fall

IMG_4554.JPG

 

ThanksgivingcollageIt’s that time of year.  The Halloween costumes are put away.  The frost is on the pumpkins (ugh). It’s nearly Turkey Time.  And while all the stuffing is seasoned and the cranberries are cooked, there are probably some younger ones who need something besides screen time to do.

Here are some ideas I think are great:

1. If you’re reading this while there’s still time to get to the store, I recommend grabbing one of these paper table covers from Walmart.
For $1.97 you can give your kiddos permission to write and color all over their table.  Love it!

IMG_1055-0.JPG

2. I like to promote an attitude of gratitude, and there’s no better time for that than Thanksgiving! Depending on the age of your children, there are a million ways you can get them thinking thankful thoughts.  A simple construction paper craft could do it, so I mocked up a little handprint turkey napkin ring. Super easy.

IMG_4553.JPGYou can use brown grocery bags if you don’t have construction paper. Trace a hand. Cut out four “feathers” and each feather gets one thing the person is thankful for.

I cut out a little piece for the neck too. Kids can use a glue stick to attach it all together. Then glue a little band of paper on the back of the hand and tape closed around the guest’s napkin.

Each person can read what they are thankful for before everyone opens their napkins to eat!

IMG_4554.JPG

IMG_4552.JPG

OR – If you have kids who are old enough to responsibly handle an iPhone or iPad, and prefer a digital option, have them act as a reporter and take the gadget around to use as a video camera, and “interview” guests about what they are grateful for, and why.  (Need some prompts? Try these: “What was your best moment this year?” “Who is your favorite person to share good news with?” “What has made you smile most recently?”  “How has someone made your life better?”  They can review their recordings and write up a story on what they found.  Let them report back to you on their findings before Grace is said at the table.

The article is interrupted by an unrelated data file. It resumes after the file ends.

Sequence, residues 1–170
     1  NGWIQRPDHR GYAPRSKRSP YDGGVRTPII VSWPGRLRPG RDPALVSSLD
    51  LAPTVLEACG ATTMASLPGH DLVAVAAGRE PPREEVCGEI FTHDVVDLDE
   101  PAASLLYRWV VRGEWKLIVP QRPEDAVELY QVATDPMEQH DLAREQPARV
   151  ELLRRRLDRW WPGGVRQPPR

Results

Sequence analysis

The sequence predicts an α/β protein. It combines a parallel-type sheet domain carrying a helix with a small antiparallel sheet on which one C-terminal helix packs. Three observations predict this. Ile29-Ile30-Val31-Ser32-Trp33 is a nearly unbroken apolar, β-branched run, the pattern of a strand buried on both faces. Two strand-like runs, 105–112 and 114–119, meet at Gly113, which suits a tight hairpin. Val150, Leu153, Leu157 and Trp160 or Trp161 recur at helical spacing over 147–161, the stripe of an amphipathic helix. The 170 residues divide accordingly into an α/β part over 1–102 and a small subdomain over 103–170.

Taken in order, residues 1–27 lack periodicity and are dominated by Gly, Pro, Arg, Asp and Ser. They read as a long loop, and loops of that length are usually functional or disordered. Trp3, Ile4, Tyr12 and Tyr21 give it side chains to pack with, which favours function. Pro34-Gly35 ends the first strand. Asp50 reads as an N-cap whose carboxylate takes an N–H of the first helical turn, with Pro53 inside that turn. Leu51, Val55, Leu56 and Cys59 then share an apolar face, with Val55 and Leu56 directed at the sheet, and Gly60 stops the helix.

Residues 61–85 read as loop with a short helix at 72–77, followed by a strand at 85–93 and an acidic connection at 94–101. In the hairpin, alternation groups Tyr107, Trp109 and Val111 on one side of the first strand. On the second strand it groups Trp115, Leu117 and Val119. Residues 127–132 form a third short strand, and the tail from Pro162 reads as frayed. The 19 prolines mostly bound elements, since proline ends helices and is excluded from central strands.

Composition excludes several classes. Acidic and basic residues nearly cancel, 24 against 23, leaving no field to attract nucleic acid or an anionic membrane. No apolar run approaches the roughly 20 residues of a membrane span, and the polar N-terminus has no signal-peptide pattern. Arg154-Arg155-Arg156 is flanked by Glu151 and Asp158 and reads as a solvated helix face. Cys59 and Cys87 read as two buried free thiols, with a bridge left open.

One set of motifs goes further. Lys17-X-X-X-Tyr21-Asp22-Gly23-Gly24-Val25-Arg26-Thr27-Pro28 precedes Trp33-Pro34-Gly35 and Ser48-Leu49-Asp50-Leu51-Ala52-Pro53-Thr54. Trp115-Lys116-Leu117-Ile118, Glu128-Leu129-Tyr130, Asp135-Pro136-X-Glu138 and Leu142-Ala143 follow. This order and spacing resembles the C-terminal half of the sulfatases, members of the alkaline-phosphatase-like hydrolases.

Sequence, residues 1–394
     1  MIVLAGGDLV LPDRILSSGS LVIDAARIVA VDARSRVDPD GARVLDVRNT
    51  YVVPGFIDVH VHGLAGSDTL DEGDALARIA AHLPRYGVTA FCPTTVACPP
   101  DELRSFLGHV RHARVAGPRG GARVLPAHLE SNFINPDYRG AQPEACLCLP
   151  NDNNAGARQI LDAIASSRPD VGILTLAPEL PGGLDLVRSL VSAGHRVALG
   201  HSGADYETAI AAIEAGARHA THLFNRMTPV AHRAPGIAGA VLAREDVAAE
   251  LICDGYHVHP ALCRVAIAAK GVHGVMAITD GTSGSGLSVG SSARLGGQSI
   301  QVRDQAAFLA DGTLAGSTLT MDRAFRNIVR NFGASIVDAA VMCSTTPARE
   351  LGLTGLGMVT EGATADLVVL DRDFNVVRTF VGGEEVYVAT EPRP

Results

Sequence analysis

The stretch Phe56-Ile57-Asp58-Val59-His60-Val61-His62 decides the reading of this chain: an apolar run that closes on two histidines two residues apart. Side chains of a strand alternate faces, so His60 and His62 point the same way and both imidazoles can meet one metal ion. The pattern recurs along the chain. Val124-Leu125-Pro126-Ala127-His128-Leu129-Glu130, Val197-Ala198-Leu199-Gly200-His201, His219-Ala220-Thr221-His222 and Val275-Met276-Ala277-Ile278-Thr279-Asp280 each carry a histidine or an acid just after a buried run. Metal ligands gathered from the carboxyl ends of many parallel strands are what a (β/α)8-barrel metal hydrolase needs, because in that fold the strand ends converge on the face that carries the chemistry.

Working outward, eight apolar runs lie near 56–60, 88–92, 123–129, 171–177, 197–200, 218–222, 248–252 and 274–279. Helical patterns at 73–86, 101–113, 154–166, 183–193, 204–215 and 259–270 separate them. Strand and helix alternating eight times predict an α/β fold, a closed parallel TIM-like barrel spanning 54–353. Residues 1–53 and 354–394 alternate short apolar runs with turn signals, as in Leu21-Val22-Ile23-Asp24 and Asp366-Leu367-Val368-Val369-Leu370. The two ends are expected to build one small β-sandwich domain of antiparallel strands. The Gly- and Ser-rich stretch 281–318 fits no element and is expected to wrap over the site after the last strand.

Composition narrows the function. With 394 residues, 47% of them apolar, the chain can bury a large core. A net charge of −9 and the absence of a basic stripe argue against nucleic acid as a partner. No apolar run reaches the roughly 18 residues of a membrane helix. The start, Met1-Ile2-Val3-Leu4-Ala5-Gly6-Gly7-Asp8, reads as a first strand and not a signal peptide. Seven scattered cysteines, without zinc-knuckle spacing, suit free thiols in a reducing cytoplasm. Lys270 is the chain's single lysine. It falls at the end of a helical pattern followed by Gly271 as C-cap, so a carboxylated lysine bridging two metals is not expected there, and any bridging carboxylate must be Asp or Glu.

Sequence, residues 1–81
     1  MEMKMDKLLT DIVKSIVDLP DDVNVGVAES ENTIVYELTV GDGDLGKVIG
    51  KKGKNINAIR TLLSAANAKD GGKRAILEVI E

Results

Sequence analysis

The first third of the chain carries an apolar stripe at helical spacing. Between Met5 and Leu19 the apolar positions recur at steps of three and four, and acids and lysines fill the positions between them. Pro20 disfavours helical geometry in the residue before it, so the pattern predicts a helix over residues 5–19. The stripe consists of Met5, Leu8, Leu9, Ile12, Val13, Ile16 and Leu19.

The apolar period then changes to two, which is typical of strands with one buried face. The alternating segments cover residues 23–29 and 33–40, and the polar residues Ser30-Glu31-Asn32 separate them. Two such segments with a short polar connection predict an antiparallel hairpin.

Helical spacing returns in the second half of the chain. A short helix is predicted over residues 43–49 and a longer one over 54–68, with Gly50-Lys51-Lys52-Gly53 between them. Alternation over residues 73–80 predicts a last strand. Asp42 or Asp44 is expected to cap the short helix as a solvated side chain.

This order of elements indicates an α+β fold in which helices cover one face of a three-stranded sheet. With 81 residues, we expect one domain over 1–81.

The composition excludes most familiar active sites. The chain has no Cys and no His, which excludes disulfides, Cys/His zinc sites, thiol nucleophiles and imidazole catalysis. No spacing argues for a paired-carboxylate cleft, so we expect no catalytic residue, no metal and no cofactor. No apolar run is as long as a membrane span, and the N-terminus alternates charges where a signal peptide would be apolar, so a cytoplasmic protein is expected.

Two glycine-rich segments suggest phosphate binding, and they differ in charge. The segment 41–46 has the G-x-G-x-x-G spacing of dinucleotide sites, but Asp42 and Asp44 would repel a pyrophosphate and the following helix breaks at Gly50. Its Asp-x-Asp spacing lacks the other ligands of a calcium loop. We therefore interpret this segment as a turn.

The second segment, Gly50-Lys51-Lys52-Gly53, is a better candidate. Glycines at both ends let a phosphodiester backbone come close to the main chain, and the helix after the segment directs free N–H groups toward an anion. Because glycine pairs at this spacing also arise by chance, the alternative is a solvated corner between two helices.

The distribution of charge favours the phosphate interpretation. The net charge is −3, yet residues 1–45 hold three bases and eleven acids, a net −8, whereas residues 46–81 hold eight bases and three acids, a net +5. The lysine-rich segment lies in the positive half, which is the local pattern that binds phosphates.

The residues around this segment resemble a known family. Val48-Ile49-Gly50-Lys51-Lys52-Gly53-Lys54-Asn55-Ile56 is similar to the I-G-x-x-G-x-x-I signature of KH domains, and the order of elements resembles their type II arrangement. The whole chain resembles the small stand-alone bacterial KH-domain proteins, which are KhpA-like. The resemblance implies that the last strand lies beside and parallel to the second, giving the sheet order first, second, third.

3. Take time to remember those who protect our freedom.  Veterans Day is also in November, so your kids may have just learned about that in school.  Have them take it a step further, and write a letter to a member of the military serving overseas.  An organization called Operation Gratitude is collecting them this year, and Thanksgiving is the perfect time to make one and get it sent. Here’s the details and makes sure to read the guidelines: Operation Gratitude.  When you have some ready, send them to:

OPERATION GRATITUDE

17330 Victory Boulevard

Van Nuys, CA 91406

UPDATE: Some chapters of the American Red Cross are collecting cards, too!

 

If you are local to Cincinnati, you can send your cards to the chapter here at

2111 Dana Ave.

Cincinnati, OH 45207

Just please remember the guidelines! Cards do not need envelopes. And glitter is a no-no.  Don’t send personal contact information. Just a cheerful, sincere card addressed “Dear Service member” or similar.

Have younger kids work with older kids, or with another  grown-up. They can share a little about themselves, and most of all share a message that they are being thought of, appreciated, and kept close in thoughts at a time when the service member is probably far from home and loved ones. Sounds like a perfect opportunity for children to work on their spelling, grammar, penmanship, AND gratitude to me!

I hope you and your loved ones have a most wonderful holiday.

Let me know if any of these little tips work around your table.

Blessings,

Anne

 

IMG_4551.JPG

Read more

Hey friends!

I’m still getting this place Fall-ified.

(What? It’s totally a word.)